Lockout or no lockout, James Harrison will not be silenced. In an interview with Men's Journal magazine, the Steelers' linebacker continues his nasty habit of ripping the NFL for its decisions to fine him for hits he thought were legal. He also takes shots at everyone from Roger Goodell, to teammate Ben Roethlisberger, to two former Patriots turned broadcasters.
From Pro Football Talk:
Harrison also called Goodell a crook and a devil and a puppet and a dictator. Harrison also described Goodell with the use of what the AP calls an anti-gay slur, a clumsy articulation of what most people describe simply as a gay slur. (Unless theres a new slur that is used to describe folks who dont like gay people. . . . Maybe Harrison called Goodell Michele Bachmann.)
Harrison likewise said that, if the Steelers had won Super Bowl XLV, he would have whispered this particular sweet nothing in Goodells ear: Why dont you quit and do something else, like start your own league in flag football?
But Goodell isnt alone in feeling Harrisons wrath. Harrison calls former Patriots standouts Tedy Bruschi and Rodney Harrison clowns. Harrison also claims that Texans linebacker Brian Cushing is juiced out of his mind.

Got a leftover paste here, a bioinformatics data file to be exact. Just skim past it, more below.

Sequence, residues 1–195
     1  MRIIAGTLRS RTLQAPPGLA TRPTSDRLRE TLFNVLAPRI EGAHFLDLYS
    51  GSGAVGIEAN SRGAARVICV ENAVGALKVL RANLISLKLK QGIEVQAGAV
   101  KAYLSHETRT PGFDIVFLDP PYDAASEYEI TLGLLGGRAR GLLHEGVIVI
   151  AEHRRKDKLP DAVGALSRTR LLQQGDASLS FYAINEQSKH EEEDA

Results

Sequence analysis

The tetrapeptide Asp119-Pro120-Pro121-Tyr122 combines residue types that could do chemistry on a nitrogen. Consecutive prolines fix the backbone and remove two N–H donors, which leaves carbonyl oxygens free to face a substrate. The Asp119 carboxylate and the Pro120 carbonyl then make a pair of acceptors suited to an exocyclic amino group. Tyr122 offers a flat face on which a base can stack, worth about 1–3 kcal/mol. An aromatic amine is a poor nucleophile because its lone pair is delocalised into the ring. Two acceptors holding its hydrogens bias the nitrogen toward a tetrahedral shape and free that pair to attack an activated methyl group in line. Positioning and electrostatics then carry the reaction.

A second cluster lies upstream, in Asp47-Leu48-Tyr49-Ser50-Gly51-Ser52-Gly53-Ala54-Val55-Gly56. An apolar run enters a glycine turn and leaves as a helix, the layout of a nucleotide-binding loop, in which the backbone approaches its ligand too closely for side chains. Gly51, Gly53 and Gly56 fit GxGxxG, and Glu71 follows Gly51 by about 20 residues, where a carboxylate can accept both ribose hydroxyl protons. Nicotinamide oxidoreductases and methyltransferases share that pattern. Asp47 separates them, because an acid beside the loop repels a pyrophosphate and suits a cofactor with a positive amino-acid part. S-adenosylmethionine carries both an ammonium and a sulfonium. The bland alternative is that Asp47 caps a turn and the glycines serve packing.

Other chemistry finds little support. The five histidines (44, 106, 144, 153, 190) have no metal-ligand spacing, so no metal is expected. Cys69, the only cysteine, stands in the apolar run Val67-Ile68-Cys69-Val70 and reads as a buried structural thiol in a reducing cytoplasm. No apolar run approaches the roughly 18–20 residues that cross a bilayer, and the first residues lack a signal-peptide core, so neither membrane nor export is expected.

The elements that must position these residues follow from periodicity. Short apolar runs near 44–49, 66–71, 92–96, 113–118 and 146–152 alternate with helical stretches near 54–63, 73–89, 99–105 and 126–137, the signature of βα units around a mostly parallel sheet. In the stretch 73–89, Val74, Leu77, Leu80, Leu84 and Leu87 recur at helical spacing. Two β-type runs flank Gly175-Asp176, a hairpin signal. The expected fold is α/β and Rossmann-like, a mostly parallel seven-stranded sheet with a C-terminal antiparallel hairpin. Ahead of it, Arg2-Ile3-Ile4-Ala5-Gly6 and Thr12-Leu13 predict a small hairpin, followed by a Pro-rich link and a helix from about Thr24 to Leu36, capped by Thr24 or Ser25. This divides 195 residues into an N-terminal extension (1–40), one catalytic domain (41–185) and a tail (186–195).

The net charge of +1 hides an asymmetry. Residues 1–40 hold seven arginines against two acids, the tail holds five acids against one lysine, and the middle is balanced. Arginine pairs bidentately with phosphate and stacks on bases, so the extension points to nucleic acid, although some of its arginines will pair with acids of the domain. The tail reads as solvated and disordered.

Pittsburgh Steelers wideout Antonio Brown posted an apology on social media Tuesday night for his Facebook Live video that has caused a stir over the last few days.
"I let my emotions and genuine excitement get the best of me, and I wanted to share that moment with our fans," said Brown in a statement on his Twitter. ""It was wrong of me to do, against team and NFL policy, and I have apologized to Coach Tomlin and my teammates for my actions.
"I'm sorry to them for letting it become a distraction and something that they've had to answer questions about while we're preparing for a big game on Sunday."
Steelers coach Mike Tomlin said on Tuesday that he has “absolutely no worries on the video's effect" on Sunday's game against the Patriots, but it was "selfish and inconsiderate" of his star wide receiver.
Brown could still be fined for violating the league's social-media policy. The policy states that players, coaches and football operations personnel are banned from using social media on game days 90 minutes before kickoff, during games, and before "traditional media interviews."
Former NFL player Dan Koppen says the team locker room after a win is a sacred place and that Steelers WR Antonio Brown should know not to be posting on Facebook.